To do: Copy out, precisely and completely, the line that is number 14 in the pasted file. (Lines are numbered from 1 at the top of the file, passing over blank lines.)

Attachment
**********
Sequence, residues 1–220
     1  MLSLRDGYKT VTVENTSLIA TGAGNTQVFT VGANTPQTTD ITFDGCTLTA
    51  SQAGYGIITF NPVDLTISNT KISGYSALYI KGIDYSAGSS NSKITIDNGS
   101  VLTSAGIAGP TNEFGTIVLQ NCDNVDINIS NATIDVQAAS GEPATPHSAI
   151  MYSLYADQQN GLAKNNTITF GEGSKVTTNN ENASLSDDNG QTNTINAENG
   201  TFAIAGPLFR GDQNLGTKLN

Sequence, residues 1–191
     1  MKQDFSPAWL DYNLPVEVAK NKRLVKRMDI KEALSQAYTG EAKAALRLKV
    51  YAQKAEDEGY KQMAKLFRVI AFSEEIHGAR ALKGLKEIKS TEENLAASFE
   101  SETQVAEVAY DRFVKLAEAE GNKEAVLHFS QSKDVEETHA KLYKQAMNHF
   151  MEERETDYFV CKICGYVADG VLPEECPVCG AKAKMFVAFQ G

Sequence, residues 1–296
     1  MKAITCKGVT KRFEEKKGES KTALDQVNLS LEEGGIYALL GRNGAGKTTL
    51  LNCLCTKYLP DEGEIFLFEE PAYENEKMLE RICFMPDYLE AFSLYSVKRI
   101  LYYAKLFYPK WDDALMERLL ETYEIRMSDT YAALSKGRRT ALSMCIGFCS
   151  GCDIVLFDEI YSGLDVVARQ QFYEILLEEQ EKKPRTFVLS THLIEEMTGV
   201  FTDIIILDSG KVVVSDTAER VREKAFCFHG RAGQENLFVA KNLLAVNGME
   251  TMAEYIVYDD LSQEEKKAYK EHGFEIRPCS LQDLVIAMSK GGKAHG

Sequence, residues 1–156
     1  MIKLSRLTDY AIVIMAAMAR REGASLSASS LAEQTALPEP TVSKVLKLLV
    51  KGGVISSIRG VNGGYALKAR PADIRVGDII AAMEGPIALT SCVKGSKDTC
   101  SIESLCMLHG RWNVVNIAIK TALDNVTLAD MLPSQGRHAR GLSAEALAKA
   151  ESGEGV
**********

    51  LNCLCTKYLP DEGEIFLFEE PAYENEKMLE RICFMPDYLE AFSLYSVKRI